As Fage and Chobani slug it out in court over who has the right to use the term “Greek yoghurt”, lawyers are tipping Fage to emerge victorious from the case.
The Total Greek Yoghurt owner is suing US company Chobani in the High Court for labelling its US-made yoghurts as “Greek yoghurt” in the UK.
Fage was given an early boost in its case last week, after Chobani agreed to temporarily change its packaging and stop calling its yoghurts ‘Greek yoghurt’ from 1 December until a final decision in the case was made next year.
Chobani stressed this did not amount to Fage being granted an interim injunction, but lawyers said the move nevertheless suggested the judge was on Fage’s side at this stage.
“It seems to me the judge was minded to grant an injunction but was prepared to accept undertakings instead, which in practice is essentially the same,” said Akash Sachdeva, a partner with Edwards Wildman Palmer.
A second lawyer said he thought the judge had “got it right” and that the money was on Fage to win the case at trial. “You have an American product made by an American company sold under a Greek name - this, combined with my experience as an IP lawyer, tells me requiring a labelling change feels like the right sentiment.”
Chobani claimed that it was its decision to offer not to use the words “Greek” and “yoghurt” side by side until the case was decided, and that it would relabel its products as “Greek strained yoghurt” instead of the more common “Greek style yoghurt”.
It also stressed its desire to take the case to trial in February 2013, but Kate Széll, a partner at Venner Shipley, said it was very common for cases like this to settle.
The case brought by Fage against Chobani is one of “extended passing off”, and involves Fage arguing there is inherent goodwill in the term “Greek yoghurt” as distinct from “Greek style yoghurt” from which it - as a manufacturer who produces its yoghurts in Greece - is entitled to benefit.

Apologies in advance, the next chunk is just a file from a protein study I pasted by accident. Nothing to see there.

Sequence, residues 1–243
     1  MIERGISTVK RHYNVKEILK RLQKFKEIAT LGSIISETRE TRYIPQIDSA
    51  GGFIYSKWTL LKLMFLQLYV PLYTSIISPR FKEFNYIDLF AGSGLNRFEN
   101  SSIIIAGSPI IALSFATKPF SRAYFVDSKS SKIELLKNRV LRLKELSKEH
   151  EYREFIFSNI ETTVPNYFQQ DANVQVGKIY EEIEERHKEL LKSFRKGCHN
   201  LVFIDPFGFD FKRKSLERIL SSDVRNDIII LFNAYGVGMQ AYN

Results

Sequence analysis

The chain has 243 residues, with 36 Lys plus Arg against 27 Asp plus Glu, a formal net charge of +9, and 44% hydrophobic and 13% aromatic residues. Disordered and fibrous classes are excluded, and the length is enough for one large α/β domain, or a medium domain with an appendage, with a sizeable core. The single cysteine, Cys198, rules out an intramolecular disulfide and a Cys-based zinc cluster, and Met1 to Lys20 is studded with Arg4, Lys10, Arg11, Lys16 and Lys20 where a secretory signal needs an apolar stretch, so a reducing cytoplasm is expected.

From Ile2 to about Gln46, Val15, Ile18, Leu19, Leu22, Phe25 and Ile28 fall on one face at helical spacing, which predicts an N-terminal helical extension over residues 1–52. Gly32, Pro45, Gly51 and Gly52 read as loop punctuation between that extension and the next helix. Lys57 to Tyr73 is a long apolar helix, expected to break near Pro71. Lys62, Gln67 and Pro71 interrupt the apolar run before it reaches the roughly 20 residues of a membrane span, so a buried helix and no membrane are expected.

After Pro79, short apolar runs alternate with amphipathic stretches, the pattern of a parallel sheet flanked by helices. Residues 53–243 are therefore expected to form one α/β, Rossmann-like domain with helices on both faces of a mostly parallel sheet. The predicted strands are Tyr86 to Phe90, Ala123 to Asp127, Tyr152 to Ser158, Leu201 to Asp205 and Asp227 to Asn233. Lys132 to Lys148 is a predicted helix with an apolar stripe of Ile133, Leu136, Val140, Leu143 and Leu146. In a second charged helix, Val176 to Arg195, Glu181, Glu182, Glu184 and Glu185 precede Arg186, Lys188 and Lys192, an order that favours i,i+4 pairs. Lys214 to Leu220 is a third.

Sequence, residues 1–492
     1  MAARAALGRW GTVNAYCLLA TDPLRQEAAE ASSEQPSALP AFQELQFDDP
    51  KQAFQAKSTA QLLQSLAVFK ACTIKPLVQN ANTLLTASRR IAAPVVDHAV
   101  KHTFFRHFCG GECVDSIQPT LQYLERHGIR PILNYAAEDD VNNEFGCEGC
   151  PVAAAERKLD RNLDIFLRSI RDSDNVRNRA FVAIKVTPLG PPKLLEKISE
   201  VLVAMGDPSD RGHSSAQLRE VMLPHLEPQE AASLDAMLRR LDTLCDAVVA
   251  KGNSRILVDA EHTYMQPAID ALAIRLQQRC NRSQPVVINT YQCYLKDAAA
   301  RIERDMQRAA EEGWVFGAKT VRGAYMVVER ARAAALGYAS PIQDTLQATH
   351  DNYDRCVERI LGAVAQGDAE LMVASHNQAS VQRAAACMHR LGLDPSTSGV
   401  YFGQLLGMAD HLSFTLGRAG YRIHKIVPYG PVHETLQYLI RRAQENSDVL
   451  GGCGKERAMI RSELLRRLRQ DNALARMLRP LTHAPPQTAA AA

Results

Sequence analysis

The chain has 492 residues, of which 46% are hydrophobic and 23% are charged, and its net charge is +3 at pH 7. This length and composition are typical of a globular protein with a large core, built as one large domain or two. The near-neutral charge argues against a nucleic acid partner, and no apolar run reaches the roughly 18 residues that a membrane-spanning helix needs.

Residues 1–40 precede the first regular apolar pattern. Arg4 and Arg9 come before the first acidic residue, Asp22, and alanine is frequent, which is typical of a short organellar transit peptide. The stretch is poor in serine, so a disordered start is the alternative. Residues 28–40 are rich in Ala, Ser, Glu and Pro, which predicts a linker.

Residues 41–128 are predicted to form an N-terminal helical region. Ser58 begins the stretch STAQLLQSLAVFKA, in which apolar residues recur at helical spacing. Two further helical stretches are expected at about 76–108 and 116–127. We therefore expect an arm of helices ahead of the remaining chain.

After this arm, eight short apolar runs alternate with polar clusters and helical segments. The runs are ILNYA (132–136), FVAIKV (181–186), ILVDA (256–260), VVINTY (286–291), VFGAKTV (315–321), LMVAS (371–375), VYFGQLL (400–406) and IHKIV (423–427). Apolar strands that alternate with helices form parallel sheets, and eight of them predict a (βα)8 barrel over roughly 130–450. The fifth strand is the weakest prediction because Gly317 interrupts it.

Chobani, on the other hand, is arguing the term Greek yoghurt does not indicate a place of manufacture but rather a method of making yoghurt. A spokeswoman for the company told The Grocer last week: “Similar to French fries, Black Forest Gateaux, Yorkshire pudding and Cheddar cheese, which are understood to be products made following a particular recipe or method, Greek yoghurt refers to an authentic straining process.”
However, Széll said these comparisons were not necessarily relevant. “Each product is different and every case is different, so it may very well be the case that consumers understand Yorkshire pudding isn’t necessarily made in Yorkshire but that doesn’t automatically mean they will have the same understanding regarding Greek yoghurt.”
“The main question in the case is really about what the words ‘Greek yoghurt’ mean,” added Sachdeva. “This is quite a factual question, and I would expect Fage and Chobani to bring forward consumer survey evidence to support their case.”
Fage claims to have about 95% of the market for Greek - as opposed to Greek style - yoghurt in the UK. Sachdeva said the fact that other manufacturers described their yoghurt as “Greek style” if it was not made in Greece showed there was already a degree of self-regulation in the industry. “It indicates that among people who produce yoghurt the term Greek yoghurt means something quite specific,” he said.
As for the wider ramifications of the case, Széll suggested a win for Fage could prompt similar cases from other food companies. “It would give private companies greater confidence to take action when they would otherwise rely on criminal prosecutions through Trading Standards,” she said.
Sachdeva added the case could also encourage the Greek government to explore getting EU special protected food status for Greek yoghurt. At present, Greek yoghurt is not covered by EU food marks such as PDO, PGI or TSG.
Fage did not comment.